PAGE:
Staunton, September 11 – Three senior Daghestani scholars, alarmed that Makhachkala officials are not speaking out against a push there to institute shariat law, are warning that Moscow might respond to any further steps in that direction by cutting off the financial assistance on which the residents of that North Caucasus republic depends.
In an open letter last week in Daghestan’s “Respublika” newspaper, the three – I.A. Shamov, S.A. Abusuyev, and Sh.M. Omarov – express concern, even outrage about those advocating the installation of shariat law and their fears over the failure of republic officials to denounce such calls (www.kumukia.ru/modules.phhp?name=Pages&pa=showpage&pid=9579).
But instead of focusing on the ways in which shariat law violates the provisions of the Russian Constitution and laws, the three argue that the most compelling reason Daghestanis should ignore such calls is the likelihood that the central Russian government might eliminate subsidies to the republic.
While the current tandem might be reluctant to take that step, given that it could lead Daghestan to press for independence, the three say, future Russian leaders might even at some point be prepared to let the North Caucasus go its own way, something the scholars say would be disastrous for Daghestan and the other republics there.
Their argument in this regard is noteworthy because it suggests that for the heavily Islamic Daghestani population, legal and moral arguments against the shariat code are not effective and that support for the introduction of shariat there is sufficiently strong that only the threat of losing Moscow’s massive subsidies might slow efforts to institute Islamic law there.
The letter of the three was provoked by the appearance in “Dagestanskaya Pravda” on August 12th of an article entitled “A Democratic Legal State or a Shariat One,” in which statements in support of shariat law at a Makhachkala roundtable were quoted at length (www.dagpravda.ru/?com=materials&task=view&page=material&id=12297).
One speaker Z. Uvaysov, a lawyer who teaches at Daghestan State University, said that “of course, I am completely for the idea that we should have a Muslim state in which the laws of the shariat will operate.” His position was supported by M. Muslimova, the former head of the information-analytic administration of the first Daghestani president.
Another participant, the article reported, said that “the shariat can be established in Daghestan either peacefully over the course of 50 to 70 years in the framework of the constitutional system, or in the course of seven to eight years if it is introduced in response to the persecution of believers.”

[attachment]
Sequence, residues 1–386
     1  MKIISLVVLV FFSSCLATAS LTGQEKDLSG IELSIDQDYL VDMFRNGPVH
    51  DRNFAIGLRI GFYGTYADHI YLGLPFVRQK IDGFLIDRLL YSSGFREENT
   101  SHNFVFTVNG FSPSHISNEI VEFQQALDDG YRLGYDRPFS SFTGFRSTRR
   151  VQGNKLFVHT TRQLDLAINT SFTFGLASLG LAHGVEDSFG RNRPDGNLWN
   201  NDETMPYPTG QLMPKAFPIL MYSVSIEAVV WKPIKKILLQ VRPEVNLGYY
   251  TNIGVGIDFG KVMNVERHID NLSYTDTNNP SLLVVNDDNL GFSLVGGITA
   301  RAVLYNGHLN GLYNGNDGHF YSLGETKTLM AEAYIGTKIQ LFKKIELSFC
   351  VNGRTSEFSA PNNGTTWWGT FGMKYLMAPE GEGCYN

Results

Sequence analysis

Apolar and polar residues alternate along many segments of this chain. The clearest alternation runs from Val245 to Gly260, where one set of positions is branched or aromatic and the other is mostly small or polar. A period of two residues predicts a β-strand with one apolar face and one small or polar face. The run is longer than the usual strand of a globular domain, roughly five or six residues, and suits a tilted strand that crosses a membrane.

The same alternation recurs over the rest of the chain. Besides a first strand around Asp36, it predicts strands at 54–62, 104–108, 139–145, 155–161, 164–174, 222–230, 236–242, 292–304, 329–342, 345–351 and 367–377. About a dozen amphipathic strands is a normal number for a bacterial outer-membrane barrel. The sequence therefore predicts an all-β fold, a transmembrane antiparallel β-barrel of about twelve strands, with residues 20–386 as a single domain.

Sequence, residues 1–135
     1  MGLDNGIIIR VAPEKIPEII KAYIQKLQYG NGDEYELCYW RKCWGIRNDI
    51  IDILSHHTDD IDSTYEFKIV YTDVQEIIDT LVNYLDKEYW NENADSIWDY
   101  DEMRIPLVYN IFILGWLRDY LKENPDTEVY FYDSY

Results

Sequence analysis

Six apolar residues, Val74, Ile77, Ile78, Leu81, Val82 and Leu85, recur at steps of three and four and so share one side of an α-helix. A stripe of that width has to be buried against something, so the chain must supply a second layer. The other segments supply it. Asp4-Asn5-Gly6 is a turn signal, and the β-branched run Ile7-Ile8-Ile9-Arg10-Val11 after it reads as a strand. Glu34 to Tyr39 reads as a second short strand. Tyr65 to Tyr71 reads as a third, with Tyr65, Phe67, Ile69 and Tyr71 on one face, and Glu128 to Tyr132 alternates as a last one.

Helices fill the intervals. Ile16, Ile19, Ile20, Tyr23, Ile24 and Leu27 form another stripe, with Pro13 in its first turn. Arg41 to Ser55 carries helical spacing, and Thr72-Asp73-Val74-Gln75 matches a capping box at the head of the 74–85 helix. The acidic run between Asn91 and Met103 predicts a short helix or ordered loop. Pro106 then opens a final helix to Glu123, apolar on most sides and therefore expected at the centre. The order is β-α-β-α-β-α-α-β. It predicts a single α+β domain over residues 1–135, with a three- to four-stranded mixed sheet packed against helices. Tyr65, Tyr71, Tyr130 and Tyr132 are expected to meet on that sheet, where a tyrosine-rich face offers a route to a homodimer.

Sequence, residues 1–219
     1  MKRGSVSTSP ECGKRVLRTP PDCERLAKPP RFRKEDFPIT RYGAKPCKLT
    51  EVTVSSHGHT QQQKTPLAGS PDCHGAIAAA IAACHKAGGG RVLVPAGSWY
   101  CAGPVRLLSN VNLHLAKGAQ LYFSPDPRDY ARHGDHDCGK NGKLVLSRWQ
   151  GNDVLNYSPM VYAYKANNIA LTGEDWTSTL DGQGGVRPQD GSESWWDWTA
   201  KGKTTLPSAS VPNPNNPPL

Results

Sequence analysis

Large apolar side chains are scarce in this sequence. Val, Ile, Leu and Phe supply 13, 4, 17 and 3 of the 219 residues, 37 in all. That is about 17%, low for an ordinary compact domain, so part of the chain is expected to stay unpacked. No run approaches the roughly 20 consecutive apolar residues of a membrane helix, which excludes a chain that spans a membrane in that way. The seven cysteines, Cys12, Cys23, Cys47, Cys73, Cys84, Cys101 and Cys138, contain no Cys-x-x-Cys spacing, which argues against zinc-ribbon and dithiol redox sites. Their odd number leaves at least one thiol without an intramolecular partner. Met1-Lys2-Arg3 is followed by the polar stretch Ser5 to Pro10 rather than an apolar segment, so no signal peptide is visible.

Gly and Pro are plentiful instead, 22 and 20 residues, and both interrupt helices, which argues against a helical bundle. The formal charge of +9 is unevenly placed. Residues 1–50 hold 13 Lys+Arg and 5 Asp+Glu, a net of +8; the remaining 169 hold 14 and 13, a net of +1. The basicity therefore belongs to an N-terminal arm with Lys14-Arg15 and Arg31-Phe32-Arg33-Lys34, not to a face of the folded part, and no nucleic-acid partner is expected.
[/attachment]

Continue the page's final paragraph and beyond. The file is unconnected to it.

While the author of the article, Gadzhimagomed Osmanov, the three authors of the open letter say, “very thoroughly, logically and convincingly showed that neither the one nor the other course of development in Daghestan within the framework of the Constitution and law is possible,” he failed, the three note, to focus on how that step would threaten Daghestan.
Not only has Daghestan’s own historical experience showed the negative consequences of the shariat system – it lived under the shariat for “eight centuries” before 1917 and remained very poor -- but a shariat educational system, one that part of Daghestan’s young people now are being exposed to, will throw the republic backward “a century” or more.
But there is a more immediate consequence and one that may be even more serious for Daghestan, the three say. The republic is part of the Russian Federation, and “(80 to 85 percent of its entire budget today is given to [the republic] by Russia.” If Daghestan pursues the introduction of the shariat system, that could quickly come to an end.
If that happened, the three scholars say, the very next day, “hunger, chaos and war will begin in the republic. And if anyone hopes that the Arabs or some other people will feed us, this is the worst possible misconception and utopianism.” Moscow alone has an interest in helping Daghestan because it is one Russia’s southern border.
“But at the end of the day,” the three say, Russians “will not lose much if they separate out the entire Caucasus and not just Daghestan.” The “Medvedev-Putin tandem” puts up with things now, “but there is a limit to [Moscow’s] patience.” And “who can guarantee” that someone like Zhirinovsky won’t come to power and say good riddance to the Caucasus.
Daghestan would find itself in terrible difficulties, the three say, and that raises “the most interesting” question: Why aren’t Daghestan’s top leaders speaking out against the shariat? “Where is their answer, their reaction to all this? Could it be that they do not understand how such declarations and actions threaten Daghestan and its people?”